I was thinking the other day about how I have been in the communications business for, well, longer than I like to admit.

I was thinking the other day about how I have been in the communications business for, well, longer than I like to admit.

Let's just say I'm pretty seasoned when it comes to communication.

And that's what is so fascinating.

You would think that over time, and with the advent of technology, that communications would improve over time.

In some ways, communication has improved tremendously. People are so much more connected with the outside world and with other people.

The instant communications that are now part of our society have greatly increased the speed in which things get done.

But there is one thing which hasn't changed — human beings.

Because of that factor, the lack of communication expertise has not improved. Humans are, well, human.

Over the years, we in this business always joke that our weakest link is communications, even though we are in the communications business. It's kind of like the plumber having leaky pipes.

The point does not get lost on us, trust me. We can sometimes be lacking in this department, even as we set in close proximity to each other.

Communication, too, can be lacking in many respects, especially when it comes to people in government and those who deal with people in government.

I'm the first to acknowledge that sometimes, it is better when good decisions are made without a lot of public hoopla. In some cases, what goes unsaid can be good for the whole.

But in most cases, this just isn't the case.

I couldn't begin to count the number of times I've watched as good intentions go sour all because of lack of communications.

I've watched as private-public partnerships have been formed with nothing but the best intentions. But in the long run, many times these things came apart at the seams because of a lack of communication.

There are famous examples of this when it comes to stadiums and shopping malls and major developments.

But there are probably many more not-so-famous instances in which the good of the whole was the intention but it ended up in a train wreck.

One of the reasons these situations arise is a lack of knowledge on the part of those involved.

Many times, those in private business don't understand how things work when they deal with public entities. Anytime you are dealing with public boards, the amount of information which has to be released is almost 100 percent.

Those in private business don't get that sometimes because that's not how they are used to operating.

I remember an instance many years ago when an auto shop was doing a lot of work for a city. The problem was one of the owners of the shop had a connection to the city via the council. There didn't seem to be any malice involved and the shop was doing a good job.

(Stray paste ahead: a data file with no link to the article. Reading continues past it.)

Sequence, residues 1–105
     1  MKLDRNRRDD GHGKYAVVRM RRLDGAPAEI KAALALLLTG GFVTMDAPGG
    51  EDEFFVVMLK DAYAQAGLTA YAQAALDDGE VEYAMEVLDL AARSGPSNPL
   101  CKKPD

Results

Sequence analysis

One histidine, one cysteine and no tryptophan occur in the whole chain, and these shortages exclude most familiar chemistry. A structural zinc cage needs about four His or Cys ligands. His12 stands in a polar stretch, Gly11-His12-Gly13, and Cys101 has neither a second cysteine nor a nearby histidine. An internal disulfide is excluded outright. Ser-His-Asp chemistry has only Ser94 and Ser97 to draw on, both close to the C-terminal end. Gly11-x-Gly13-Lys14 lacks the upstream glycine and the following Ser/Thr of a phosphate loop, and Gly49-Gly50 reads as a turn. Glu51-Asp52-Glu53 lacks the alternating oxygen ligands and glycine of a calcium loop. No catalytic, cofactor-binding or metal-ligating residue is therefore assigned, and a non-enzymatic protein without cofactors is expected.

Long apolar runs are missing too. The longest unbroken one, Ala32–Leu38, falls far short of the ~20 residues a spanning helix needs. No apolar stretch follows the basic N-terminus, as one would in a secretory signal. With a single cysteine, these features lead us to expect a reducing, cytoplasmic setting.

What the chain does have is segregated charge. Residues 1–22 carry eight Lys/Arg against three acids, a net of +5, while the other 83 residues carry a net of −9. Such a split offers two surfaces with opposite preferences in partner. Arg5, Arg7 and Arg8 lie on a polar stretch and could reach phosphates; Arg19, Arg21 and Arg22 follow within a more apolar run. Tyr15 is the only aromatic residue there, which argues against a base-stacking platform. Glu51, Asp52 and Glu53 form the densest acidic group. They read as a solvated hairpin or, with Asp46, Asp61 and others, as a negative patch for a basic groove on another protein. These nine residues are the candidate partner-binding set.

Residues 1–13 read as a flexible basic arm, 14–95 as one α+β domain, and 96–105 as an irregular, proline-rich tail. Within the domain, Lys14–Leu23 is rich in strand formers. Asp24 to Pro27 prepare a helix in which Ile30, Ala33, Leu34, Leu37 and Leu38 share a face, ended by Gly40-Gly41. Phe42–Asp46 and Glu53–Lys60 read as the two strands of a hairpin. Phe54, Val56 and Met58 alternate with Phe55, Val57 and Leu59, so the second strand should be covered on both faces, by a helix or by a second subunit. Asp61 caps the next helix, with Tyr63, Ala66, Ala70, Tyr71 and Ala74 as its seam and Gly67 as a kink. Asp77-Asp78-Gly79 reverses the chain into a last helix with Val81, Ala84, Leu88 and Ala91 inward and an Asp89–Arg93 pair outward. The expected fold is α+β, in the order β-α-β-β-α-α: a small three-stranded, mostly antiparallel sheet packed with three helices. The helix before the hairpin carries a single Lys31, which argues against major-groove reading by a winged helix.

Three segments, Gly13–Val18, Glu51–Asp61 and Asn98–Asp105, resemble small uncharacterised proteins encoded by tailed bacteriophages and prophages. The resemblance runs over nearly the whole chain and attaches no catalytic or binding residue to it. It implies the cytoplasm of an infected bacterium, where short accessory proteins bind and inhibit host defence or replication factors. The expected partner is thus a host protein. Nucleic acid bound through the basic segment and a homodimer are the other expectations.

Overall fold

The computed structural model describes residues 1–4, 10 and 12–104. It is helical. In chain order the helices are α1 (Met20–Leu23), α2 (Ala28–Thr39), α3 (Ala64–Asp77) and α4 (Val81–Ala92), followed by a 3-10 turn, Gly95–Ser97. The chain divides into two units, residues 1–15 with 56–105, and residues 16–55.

Problem was, the person who had the connection to both the city and shop didn't reveal that was the case. It appeared that work was being shoveled to that garage in order to benefit that person.

That may have not been the case at all, however, once this became public, the outrage was tremendous. It became a major scandal in the community and ultimately, that shop lost a lot of business.

It really had nothing to do with the work which was being done, rather, it was a lack of understanding on many fronts which led to this controversy. It could have all been easily avoided with one thing — good communications.

That is where the failing so often happens.

The government is an interesting thing, to say the least. The government relies strictly on the public to provide services which are used by the public.

That means the public would like those services to be adequate and above board.

I don't think that's asking too much. It's the way the Founding Fathers envisioned this experiment we are living. They saw transparency as the key to success in a democracy.

They knew that any appearance of impropriety would almost certainly spell doom on their grand plan.

And it has worked.

All you have to do is look back in history to see how well this has worked.

The Watergate scandal is the standard by which all other scandals are measured. In that case, transparency was a dirty word inside the bowels of government. Secrecy was the basis for the Nixon Administration because of the paranoia from the President.

Everything they did seemed to snowball into something worse and instead of admitting to this, they kept letting the snowball grow.

In the end, the snowball was just too much and it wiped out everyone involved.

This very scenario applies to much smaller matters and much smaller situations.

But the principle remains the same.

I had a publisher who said a common phrase all of the time: "Perception is 90 percent of reality."

That is so true.

What people perceive, though it may not be right, becomes the truth in the eyes of many. Not matter the intentions, if the perception is of wrongdoing, it is hard to overcome.

This is especially true when it comes to public money. No matter the intentions or the good will, the perception is what counts.

It's a hard lesson for many people to learn and so never learn how the system operates.

As a journalist, I sit in a unique position because I am charged with laying out the facts and then letting the public decide the outcome. It's a big burden on the part of journalists, but if done right, it works to perfection.

This burden is not taken lightly and it's crucial to understand the fact. But in the end, this awesome responsibility is a vital part of how the system works and I, for one, am proud to be a part of how it operates.

Little is editor of The Wayne Independent and can be reached at editor@wayneindependent.com.